Every now and then exhortations are made, including in this newspaper, that the government should further reduce its equity stake in public sector banks. The basic logic is that public sector banks are uncompetitive because of the government's implicit guarantee. Further, the inefficient maturity transformation practices of public sector banks have resulted in their accumulating 86 per cent of the non-performing assets (NPAs) of the banking sector compared to their asset base of 75 per cent. Consequently, the government has been compelled to periodically recapitalise public sector banks and has provided between Rs 10,000 crore and Rs 20,000 crore in each of the last three years, funding that it can scarce afford given the need for fiscal stringency. This article examines the call for the government to reduce its majority ownership in public sector banks ostensibly with the objective of improving the functioning of these banks. In the last 10 years, there have been many high-profile cases in Organisation for Economic Co-operation and Development (OECD) countries in which private banks and companies, including US automobile behemoths, have sought and received government assistance. In India, the wrongdoing of Global Trust Bank and Satyam comes to mind. Public memory can be short even in well-publicised cases. The 1992 Harshad Mehta scam involved Indian and foreign private banks, which were guilty of illegally funding a huge run up in the stock prices. It is inconceivable that public sector banks and private banks or the business community were unaware that the boom in stock prices was due to market manipulation and hence unsustainable. The book by economists Carmen Reinhart and Kenneth Rogoff, This Time is Different, details the involvement of private banks in financial sector disasters around the world over the centuries. Clearly, private ownership is not a necessary or sufficient condition to ensure competitive efficiency in risk taking. In India, financial institutions and public financial institutions were set up under Acts of Parliament to promote investment in industrial and infrastructure projects. For several decades after independence, financial institutions and public financial institutions received funding at concessional rates from the Reserve Bank of India (RBI) and the government. Over time, subsidised funding dried up and these institutions became more dependent on bond funding. Gradually, the two categories were lumped together and referred to as development finance institutions (DFIs). DFIs continue to find it difficult to access bond funding since long-term debt markets are underdeveloped in India. The distinctions between DFIs and banks have also blurred with time after ICICI, which was initially a DFI, became a private sector bank through a reverse merger and the Industrial Development Bank of India (IDBI) did the same to become a public sector bank. As for other categories of financial institutions, cooperative banks have fallen in the past between regulatory stools, as happened in the Madhavpura Mercantile Cooperative Bank scam. Although the RBI has tightened its supervision, the registration of such banks as co-operative societies dilutes their accountability.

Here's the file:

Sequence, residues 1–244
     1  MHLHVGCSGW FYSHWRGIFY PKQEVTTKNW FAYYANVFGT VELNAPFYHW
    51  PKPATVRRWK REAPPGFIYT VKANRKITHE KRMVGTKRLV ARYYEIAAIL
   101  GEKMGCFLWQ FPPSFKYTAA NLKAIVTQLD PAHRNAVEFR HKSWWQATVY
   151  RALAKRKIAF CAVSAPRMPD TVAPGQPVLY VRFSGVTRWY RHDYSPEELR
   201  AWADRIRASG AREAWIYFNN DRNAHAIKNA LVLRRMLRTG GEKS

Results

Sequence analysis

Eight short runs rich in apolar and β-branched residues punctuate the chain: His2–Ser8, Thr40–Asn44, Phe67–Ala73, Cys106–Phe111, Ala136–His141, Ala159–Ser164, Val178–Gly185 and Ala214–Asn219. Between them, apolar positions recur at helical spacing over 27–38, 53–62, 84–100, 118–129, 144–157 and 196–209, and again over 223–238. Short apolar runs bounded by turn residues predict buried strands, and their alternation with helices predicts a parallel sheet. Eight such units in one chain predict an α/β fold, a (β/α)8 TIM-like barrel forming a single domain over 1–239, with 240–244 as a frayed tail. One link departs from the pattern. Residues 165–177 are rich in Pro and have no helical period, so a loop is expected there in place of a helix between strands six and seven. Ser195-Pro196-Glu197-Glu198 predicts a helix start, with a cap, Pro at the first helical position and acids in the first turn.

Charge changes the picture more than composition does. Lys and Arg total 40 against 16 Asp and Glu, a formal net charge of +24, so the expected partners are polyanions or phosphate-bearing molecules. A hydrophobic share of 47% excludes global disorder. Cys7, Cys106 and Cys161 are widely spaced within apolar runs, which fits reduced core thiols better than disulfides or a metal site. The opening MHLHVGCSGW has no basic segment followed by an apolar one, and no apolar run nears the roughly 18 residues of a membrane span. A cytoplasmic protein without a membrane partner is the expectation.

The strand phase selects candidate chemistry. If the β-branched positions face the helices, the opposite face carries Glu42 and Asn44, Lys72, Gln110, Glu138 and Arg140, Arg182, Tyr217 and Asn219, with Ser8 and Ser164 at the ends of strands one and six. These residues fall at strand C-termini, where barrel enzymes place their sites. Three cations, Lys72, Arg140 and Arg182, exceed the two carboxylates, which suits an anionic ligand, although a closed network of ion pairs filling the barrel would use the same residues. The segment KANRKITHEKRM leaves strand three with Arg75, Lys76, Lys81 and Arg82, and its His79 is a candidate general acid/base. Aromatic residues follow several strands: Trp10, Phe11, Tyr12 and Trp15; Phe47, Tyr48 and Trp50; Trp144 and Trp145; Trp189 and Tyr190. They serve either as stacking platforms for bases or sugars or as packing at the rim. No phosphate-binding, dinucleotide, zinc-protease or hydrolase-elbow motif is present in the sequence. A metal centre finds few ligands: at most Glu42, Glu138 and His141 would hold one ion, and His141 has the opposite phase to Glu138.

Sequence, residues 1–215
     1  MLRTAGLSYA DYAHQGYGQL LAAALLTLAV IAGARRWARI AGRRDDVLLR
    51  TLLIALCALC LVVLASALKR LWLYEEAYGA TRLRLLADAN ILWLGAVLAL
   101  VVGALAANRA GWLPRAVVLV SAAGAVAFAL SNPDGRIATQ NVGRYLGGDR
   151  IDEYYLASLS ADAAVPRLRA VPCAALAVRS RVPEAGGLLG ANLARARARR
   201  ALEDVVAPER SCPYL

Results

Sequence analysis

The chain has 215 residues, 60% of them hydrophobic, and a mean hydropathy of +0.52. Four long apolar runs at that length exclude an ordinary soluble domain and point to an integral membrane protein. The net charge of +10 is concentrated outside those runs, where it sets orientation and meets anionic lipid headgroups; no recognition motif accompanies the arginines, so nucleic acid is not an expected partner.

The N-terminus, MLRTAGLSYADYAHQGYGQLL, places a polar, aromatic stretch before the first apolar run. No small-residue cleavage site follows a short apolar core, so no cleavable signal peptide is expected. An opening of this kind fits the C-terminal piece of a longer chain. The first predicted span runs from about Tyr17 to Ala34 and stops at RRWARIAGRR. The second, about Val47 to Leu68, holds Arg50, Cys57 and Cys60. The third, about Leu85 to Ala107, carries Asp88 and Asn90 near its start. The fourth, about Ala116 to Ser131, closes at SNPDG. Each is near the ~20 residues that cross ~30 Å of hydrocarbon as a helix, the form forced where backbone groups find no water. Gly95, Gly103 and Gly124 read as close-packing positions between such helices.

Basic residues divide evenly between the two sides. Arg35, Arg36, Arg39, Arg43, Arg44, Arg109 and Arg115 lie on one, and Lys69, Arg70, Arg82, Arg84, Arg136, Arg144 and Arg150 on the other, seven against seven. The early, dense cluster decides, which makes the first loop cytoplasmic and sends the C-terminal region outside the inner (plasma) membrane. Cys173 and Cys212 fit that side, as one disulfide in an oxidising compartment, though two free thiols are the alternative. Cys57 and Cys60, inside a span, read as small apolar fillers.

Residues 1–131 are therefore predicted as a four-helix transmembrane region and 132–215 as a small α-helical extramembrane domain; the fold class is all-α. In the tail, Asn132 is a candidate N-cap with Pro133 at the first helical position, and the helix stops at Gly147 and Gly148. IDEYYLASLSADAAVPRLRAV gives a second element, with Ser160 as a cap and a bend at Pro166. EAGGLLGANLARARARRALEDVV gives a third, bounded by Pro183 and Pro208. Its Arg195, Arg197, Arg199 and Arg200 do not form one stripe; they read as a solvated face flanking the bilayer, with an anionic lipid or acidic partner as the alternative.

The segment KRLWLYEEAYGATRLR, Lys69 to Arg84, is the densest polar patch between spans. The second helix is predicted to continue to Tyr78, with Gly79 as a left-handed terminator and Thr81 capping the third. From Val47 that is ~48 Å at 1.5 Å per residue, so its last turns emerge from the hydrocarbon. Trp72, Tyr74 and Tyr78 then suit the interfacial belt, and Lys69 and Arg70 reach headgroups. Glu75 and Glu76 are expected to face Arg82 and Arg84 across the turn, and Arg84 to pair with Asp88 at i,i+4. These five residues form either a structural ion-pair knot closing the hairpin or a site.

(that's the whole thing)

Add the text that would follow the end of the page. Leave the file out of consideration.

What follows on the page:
Another example of what is anomalous in our banking sector is the National Housing Bank (NHB), which was set up under an Act in 1987. It is not clear what impact the NHB has on the housing finance sector or why it continues to be owned by the RBI and headquartered in Delhi instead of Mumbai, which is the financial capital. The government's equity stake in the largest public sector bank, namely State Bank of India (SBI), is about 62 per cent compared to 69 per cent in the fossil fuel major Oil and Natural Gas Corporation (ONGC). The government owns 72 per cent in IDBI; 56 per cent in the Industrial Finance Corporation of India (IFCI), even after the IFCI Act was repealed in 1993; 67 per cent in BHEL; 75 per cent in NTPC; and 90 per cent in Coal India. These numbers are probably understated since government-owned Life Insurance Corporation of India (LIC), DFIs, state finance corporations (SFCs) and state industrial development corporations (SIDCs) own stock in both government and privately owned banks and firms. LIC holds long-dated government debt securities in its investment portfolio. This is logical, given the requirement of regular outflows on policies that mature. However, as LIC is owned by the government, it is sub-optimal for it to invest in the shares of government-owned institutions. There is little diversification of risk and its policyholders are not well served in terms of rates of return by investment decisions, which are often based on political economy factors. As the cross-holding linkages across government-owned banks, financial institutions and public sector undertakings (PSUs) are unclear, the government would do well to detail the extent of its direct and indirect ownership in all majority government-owned institutions on publicly accessible websites. Next, the objective for reforms should be to target the lower-hanging fruit. That is, act on what is achievable in incremental steps. For instance, dilution of the government's stake in SBI and other public sector banks can wait since the government's stake cannot be reduced below 50 per cent without amending the Acts concerned. This is relevant in according priority to the various tasks that confront the government in the four months left till the next general elections in April-May 2014. According to press reports, the finance ministry informed the Cabinet Committee on Economic Affairs recently that cancellation of the allotment of 62 coal blocks would lead to an increase in NPAs of about Rs 1 lakh crore. This comes at a time when NPAs have gone up sharply in the last 12 months. Public sector banks would be among the banks that would be hit hard. It was separately reported that the government proposes to use proceeds from disinvesting in PSUs to fund the recapitalisation of public sector banks. This is too close for comfort to the proverbial robbing of Peter to pay Paul. A better move would be to get PSUs to reinvest in improving their information systems and for the government to make the selection of their CEOs timely and transparent. More importantly, attention needs to be focused on reducing the government's equity stake in Coal India and LIC sooner than in public sector banks. To conclude, the RBI is in the process of issuing licences for new private sector banks. Every effort needs to be made to get these new banks up and running to enhance competition and increase longer-term lending. Of course, entry of new private banks will not level the field between public sector banks and private banks. Public sector banks will continue to benefit from the government's guarantee umbrella. At the same time, public sector banks are saddled with large numbers of inadequately trained or demotivated personnel who cannot be retrenched.
The writer, a former Indian high commissioner to the UK and finance professional in the World Bank Treasury and the finance ministry, is RBI chair professor at Icrier in New Delhi. email@example.com